Classic Western Setting 1; or, Tsé Bii’ Ndzisgaii, Of Course

“I’ve been here before,” you say, and you have–in the movies.

Visiting Monument Valley,  a space of mind-blowing proportion,  30,000 acres on the Utah-Arizona border, is best seen on foot, as part of a tour, or on horseback, or even in a rental car to drive through the fine red dust of the 17-mile winding road, visor down against the bright sun. My rental car was like a small pony–I had to be careful on the rougher bits but it motored fine up and down the hills, and I was swabbing red dust out of the interior for days (duh–close the windows). See the Mittens! Elephant Butte! The Thumb! And John Ford’s point, where you can take a photograph of a Navajo man on a horse. (Kinda weird, but then New York has the Naked Cowboy, so…) There are pull-offs for that epic picture you need to take, but be prepared to pull off often because the flashes of deja vu are freaking disorienting.

Yes, your very bones know you’ve seen these ruby-red buttes and pinnacles and spires and strange mitten-shaped formations before. The brilliant blue sky, the white clouds and their shadows scudding across the valley. Seven Ford westerns, a number of other films, countless commercials. A metaphor for rugged individuals, mystic spirituality, heroic effort.

The place is huge. Not just Empire-State-Building big. Massive the way mountains are, with distances so far away that if you’re one of the puny humans whose eyes rarely focus past the computer screen, you’ll be hard-pressed to explain what this wide open space means. That big. The words “Monument” and “Valley” are meaningless here, so I’ve always liked the Navajo name for the place: Tsé Bii’ Ndzisgaii.

No, John Ford didn’t discover Monument Valley for his Hollywood westerns–Harry Goulding and his wife, Leone, or “Mike” did. Let me introduce you to a real-deal westerner, the guy so authentically cowboy that he even intimidated John Ford, who was a true bastard to work for.

from Goulding's Lodge

The story is that in the middle of the Great Depression, with both the Gouldings and their neighboring Navjo neighbors suffering from lack of food and money, and livestock dying, he made a decision to go to Hollywood.

With archetypal Westerner can-do, Harry Goulding marched into United Artists with a portfolio of photographs of the landscape by his homestead. He’d heard that Hollywood agents were looking for a locale for a western that was to be filmed that year. Beanpole tall and no doubt dressed in his country best, he didn’t strike immediate respect in the hearts of the receptionists and was shown the door. Although practically illiterate he was shrewd as any of those Hollywood agents and threatened to camp out overnight until someone saw him. That did the trick; a sputtering agent saw his photographs and was awed, and the rest is cinematic history.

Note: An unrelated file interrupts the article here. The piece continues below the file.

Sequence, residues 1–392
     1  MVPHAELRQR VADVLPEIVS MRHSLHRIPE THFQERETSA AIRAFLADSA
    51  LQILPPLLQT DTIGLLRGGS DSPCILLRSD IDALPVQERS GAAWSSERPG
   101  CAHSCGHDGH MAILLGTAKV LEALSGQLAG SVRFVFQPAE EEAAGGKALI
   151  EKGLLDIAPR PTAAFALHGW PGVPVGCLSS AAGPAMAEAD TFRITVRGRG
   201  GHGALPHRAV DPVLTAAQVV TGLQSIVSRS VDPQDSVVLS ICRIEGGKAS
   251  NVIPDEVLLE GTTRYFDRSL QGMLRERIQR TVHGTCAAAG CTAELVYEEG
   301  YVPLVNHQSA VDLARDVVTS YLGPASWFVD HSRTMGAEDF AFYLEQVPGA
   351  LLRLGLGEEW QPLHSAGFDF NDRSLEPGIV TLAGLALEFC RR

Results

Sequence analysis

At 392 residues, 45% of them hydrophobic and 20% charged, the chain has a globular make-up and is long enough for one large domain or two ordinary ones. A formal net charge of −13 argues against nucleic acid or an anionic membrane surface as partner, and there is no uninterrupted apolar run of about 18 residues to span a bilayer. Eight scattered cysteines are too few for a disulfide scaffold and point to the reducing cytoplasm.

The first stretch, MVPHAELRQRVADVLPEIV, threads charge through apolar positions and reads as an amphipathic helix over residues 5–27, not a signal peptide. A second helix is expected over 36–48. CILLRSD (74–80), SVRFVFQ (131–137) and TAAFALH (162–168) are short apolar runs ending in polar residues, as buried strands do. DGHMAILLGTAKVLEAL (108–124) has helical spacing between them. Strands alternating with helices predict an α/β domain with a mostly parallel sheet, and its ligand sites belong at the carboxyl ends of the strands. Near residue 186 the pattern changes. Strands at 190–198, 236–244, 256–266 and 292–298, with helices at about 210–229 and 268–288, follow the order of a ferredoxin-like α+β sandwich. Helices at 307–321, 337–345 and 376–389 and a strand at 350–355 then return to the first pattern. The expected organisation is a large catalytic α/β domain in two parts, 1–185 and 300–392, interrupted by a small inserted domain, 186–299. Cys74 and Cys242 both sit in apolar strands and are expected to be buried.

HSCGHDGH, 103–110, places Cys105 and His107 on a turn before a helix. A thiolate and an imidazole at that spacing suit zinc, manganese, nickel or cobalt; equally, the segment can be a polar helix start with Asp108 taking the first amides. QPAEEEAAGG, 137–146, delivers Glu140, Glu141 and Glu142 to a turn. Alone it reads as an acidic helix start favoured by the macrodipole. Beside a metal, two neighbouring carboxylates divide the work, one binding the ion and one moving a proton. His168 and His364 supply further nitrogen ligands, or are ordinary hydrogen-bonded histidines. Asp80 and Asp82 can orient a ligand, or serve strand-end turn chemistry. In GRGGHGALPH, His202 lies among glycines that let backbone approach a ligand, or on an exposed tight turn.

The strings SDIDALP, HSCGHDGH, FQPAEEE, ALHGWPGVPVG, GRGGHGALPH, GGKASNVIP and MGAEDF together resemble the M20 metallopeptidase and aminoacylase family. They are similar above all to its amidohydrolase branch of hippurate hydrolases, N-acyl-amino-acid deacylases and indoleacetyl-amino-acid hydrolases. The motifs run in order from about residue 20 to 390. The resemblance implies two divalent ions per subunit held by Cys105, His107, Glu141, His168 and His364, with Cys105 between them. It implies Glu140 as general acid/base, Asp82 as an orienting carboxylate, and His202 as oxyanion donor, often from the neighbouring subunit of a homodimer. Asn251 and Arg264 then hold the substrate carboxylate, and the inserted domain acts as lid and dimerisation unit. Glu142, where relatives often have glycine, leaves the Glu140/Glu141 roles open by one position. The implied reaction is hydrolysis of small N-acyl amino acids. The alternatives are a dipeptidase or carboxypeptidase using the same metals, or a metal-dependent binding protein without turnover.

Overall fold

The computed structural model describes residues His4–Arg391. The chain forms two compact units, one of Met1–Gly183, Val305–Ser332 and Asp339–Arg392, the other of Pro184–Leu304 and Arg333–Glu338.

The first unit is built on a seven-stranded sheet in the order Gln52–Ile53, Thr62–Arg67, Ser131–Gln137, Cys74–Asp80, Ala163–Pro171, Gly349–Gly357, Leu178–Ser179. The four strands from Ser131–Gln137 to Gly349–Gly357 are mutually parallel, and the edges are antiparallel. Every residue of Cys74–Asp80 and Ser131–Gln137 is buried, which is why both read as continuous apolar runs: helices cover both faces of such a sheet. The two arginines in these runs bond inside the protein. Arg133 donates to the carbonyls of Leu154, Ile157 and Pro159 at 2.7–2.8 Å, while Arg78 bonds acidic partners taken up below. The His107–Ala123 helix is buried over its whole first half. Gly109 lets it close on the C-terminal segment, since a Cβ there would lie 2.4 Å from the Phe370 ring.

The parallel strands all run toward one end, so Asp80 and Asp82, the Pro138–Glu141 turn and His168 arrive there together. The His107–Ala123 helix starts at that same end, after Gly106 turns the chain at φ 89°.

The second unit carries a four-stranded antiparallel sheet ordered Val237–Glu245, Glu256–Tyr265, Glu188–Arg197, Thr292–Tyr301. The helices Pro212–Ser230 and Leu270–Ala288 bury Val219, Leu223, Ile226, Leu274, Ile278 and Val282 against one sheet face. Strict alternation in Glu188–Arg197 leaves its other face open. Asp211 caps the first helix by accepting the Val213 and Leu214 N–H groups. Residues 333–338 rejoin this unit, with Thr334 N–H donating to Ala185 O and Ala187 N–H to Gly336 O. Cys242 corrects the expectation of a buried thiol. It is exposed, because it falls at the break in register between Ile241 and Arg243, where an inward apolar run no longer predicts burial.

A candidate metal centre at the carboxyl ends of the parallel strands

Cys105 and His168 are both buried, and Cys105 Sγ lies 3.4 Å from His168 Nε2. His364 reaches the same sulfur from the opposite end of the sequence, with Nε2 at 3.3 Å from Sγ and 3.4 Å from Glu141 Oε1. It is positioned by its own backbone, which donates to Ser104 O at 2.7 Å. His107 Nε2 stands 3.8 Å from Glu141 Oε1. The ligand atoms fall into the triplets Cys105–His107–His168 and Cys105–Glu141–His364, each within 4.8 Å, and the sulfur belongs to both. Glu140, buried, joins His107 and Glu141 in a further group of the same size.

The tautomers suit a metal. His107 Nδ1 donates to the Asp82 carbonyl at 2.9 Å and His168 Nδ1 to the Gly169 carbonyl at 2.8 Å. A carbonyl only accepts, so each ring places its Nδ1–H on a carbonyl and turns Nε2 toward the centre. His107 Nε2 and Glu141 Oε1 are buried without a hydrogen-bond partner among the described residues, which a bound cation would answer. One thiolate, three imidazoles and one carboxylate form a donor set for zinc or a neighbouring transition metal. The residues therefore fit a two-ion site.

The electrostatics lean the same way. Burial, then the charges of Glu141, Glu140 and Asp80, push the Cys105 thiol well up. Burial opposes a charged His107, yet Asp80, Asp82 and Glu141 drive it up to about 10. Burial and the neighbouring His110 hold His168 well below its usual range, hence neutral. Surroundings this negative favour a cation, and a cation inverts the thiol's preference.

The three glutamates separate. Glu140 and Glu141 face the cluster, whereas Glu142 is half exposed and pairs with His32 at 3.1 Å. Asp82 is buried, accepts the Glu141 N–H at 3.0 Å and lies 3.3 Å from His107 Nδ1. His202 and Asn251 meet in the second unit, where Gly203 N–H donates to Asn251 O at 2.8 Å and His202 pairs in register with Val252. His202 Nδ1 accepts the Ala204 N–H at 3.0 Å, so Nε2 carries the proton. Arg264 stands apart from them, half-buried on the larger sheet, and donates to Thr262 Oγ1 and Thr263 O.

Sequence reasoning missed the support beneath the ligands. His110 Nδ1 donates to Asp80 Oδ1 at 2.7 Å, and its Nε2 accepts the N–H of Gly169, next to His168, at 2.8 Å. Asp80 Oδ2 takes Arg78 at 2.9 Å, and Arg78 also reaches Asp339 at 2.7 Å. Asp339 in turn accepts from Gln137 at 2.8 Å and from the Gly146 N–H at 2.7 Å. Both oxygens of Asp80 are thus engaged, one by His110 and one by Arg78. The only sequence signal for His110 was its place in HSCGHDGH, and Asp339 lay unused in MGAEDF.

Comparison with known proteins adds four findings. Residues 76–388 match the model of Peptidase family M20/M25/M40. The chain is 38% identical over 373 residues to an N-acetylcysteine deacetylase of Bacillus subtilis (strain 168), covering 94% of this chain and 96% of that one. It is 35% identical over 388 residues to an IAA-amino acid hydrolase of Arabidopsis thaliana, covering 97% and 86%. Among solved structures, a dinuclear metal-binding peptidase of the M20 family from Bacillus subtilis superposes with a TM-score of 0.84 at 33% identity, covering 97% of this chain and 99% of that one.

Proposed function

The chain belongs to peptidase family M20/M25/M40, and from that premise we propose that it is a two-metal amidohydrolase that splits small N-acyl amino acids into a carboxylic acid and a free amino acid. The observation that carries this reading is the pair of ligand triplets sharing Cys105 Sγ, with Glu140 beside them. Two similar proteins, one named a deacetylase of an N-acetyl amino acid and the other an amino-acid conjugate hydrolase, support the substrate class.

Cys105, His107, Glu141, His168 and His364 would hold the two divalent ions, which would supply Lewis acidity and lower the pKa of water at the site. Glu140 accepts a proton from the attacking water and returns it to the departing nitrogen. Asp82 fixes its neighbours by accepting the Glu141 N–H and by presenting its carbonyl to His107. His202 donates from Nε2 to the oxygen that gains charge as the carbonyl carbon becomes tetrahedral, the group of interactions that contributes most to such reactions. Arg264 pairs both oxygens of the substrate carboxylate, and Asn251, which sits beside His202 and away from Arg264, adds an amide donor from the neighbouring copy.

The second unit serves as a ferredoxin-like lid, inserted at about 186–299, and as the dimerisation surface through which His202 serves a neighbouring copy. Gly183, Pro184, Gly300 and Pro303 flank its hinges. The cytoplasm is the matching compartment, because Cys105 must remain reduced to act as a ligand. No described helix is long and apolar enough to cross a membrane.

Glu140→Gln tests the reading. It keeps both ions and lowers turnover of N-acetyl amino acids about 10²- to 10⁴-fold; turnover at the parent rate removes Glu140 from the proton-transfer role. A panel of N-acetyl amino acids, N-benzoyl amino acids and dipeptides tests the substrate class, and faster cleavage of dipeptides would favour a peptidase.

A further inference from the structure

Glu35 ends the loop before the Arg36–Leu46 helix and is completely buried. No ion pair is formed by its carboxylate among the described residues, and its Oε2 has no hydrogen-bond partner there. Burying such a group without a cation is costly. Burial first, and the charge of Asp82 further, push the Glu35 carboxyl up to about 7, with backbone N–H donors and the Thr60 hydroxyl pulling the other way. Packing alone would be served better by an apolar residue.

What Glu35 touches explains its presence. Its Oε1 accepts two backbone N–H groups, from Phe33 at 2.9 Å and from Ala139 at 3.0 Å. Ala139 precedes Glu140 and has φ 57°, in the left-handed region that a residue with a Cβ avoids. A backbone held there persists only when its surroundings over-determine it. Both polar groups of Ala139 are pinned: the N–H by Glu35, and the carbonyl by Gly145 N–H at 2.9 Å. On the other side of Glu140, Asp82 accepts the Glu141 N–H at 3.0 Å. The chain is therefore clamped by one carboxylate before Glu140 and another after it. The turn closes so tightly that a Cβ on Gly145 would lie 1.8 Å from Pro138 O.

Monument Valley is on Navajo land, but Goulding had had a long working relationship with his neighbors, so when he told Ford about the site, he also made sure that Ford would hire the Navajos as extras. Yes, they do speak Navajo in some of the westerns they’re in, and no, they’re not saying what they’re supposed to say. Truly awesome subterfuge.

John Ford was notorious for bullying actors, even our hero John Wayne, but he never said a cross word to Harry Goulding. Ford knew the difference between real westerners and posers, and Goulding was the real deal.

Monument Valley–Tsé Bii’ Ndzisgaii. An American treasure.

See, I can’t even be snarky about it, such is its epic awesomeness. Basically, go there and fuhgeddabout Las Vegas, the Statue of Liberty, and getting cheese in Wisconsin.

Krazy Kat and Ignatz even visited Monument Valley

2 comments to Classic Western Setting 1; or, Tsé Bii’ Ndzisgaii, Of Course

  • co

    There was a great article I think in Vanity Fair several years ago about Goulding. Love it when the real thing kicks ass.

  • bucko

    That was the article I’ve been thinking about since you lent me that Vanity Fair! Sounds like the guy was one of a kind.

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